The excitement in my world so far this week has been about Queen Zenobia, the third-century Syrian princess – a descendent of Queen Cleopatra of Egypt – who ruled an independent empire spanning the eastern end of the Mediterranean. Zenobia’s empire reached from Ankara in Asia Minor (modern Turkey) south as far as Egpyt, and extended East from the Holy Land to the Euphrates.
Zenobia’s empire was short-lived, spanning five years from the death of her husband in 267 to the arrival – in person – of the Roman Emperor Aurelian, builder of the Aurelian Wall that still circles Rome, in 272.
On Thursday, I participated in a lively debate about Zenobia at BBC House in Central London, as part of the In Our Time programme on Queen Zenobia, which was hosted by Melvin Bragg.
One of the most fascinating questions about Zenobia is what she thought she was doing. Was the establishment of her empire intended as a revolt against Rome, as many believe? Or was she simply, like so many after her, trying to bring peace to the Middle East?
Zenobia’s husband Odenathus had been the Roman governor in the region, and had maintained peace in the region on the emperor’s behalf for the best part of a decade. The coins issued by Zenobia and her son and co-regent, the child-emperor Vahballath, indicate that she initially saw herself as running a client kingdom on behalf of Rome.
Palmyra is in the middle of the desert along the trade route linking Antioch and Damascus to the river-ports of the Euphrates, and thus to the Persian Gulf. In the second and third centuries it was a free city, made impossibly wealthy by its ability to levy taxes on the caravan trade bringing spices and silks west toward Rome, and Roman manufactured goods east toward Persia and the East. Pamyra was an indispensable node on merchant networks that reached from Rome to Persia and India, and it was there that small private militias were routinely organized to protect the richly laden caravans.
There is every reason to believe that Zenobia was seen, by the business leaders of the Eastern Mediterranean, as a known quantity, a business-friendly ruler who could guarantee the military stability needed to keep the profits flowing. We know, for example, that when her trusted general Zabdas arrived in Egpyt, a powerful contingent of local supporters played a decisive role in his success.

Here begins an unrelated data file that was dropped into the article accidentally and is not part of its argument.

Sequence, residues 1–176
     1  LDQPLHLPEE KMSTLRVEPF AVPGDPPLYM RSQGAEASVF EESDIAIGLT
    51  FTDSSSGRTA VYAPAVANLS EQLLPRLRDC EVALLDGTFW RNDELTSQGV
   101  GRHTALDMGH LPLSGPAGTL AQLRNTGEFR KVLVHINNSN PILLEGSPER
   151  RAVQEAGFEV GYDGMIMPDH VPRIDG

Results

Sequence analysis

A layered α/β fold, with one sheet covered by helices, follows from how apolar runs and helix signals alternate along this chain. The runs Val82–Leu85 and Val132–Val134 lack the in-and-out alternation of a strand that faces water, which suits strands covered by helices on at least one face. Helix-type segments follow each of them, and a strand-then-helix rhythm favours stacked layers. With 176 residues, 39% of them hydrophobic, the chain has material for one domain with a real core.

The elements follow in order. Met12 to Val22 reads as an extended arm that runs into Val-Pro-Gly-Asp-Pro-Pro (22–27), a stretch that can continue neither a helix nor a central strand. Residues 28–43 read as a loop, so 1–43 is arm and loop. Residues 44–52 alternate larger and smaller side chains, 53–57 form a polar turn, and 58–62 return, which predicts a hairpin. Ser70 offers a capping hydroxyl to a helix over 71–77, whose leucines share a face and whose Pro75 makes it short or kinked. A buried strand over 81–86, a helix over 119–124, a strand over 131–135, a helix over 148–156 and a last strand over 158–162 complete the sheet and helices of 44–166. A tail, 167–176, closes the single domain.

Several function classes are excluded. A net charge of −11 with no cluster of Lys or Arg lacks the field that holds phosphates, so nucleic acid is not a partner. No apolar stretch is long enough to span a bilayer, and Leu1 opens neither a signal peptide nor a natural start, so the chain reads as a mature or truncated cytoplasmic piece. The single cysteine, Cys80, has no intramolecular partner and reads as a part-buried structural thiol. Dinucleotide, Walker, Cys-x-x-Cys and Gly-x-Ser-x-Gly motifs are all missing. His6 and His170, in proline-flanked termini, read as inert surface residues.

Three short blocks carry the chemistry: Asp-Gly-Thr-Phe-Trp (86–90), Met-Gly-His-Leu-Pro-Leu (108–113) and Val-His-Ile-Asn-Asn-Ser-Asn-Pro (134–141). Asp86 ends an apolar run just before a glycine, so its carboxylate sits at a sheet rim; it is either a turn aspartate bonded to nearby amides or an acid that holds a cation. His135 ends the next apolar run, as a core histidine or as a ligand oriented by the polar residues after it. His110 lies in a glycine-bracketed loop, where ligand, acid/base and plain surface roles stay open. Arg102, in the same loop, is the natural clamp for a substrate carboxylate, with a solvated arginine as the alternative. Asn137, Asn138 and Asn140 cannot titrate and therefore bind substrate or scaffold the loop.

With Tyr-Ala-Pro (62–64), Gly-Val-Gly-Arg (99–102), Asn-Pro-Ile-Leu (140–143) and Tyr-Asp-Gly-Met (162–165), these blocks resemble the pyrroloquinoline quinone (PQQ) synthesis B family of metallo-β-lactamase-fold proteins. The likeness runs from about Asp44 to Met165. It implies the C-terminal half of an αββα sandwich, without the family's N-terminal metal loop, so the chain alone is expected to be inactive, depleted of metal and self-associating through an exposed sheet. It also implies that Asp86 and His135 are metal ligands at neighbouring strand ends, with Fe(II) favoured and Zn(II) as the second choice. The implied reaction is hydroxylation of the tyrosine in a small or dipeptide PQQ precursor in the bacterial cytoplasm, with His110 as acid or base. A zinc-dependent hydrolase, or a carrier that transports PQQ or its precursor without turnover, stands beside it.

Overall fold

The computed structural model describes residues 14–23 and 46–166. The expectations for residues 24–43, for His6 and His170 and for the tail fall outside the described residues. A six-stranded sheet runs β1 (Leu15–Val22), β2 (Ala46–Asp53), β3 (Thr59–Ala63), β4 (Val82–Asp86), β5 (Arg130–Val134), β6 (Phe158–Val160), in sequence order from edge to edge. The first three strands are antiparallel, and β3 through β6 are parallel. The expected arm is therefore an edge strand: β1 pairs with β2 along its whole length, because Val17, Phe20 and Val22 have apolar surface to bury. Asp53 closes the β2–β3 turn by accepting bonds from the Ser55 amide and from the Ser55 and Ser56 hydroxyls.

What nobody counted on, however, was Aurelian. After more than a half-century of chaos in which each short-lived emperor could expect to be challanged by dozens usurpers, Aurelian (270-275) was an emperor with a difference. Although he was eventually murdered by his troops, he managed to re-unite the empire, recovering Gaul, Britain, and Spain before marching East to address the Zenobia Problem. (As a supreme illustration of his competence, he nipped back to Rome to organize the building of the Aurelian Wall before travelling East.) Aurelian is credited for laying the groundwork for the reunification of the Empire which would lead to its last great century under Diocletian, Constantine, and Theodosius the Great.
But I found myself asking, was Aurelian’s success really such a good thing? How would history have turned out differently if the zone of Eastern Turkey, Syria, the Holy Land and Egypt had been allowed to flourish as a unified empire, strategically positioned between Rome in the West and Sasanian Persia in the East? Of course, it’s hard to say. But at a time when Syria is at the centre of tragic conflict, it is lovely to imagine a Syrian Empire punching far above its weight along the lines of Elizabethan Britain: tiny but indomitable thanks to the verve of its trading networks and a brilliant, unstoppable Queen.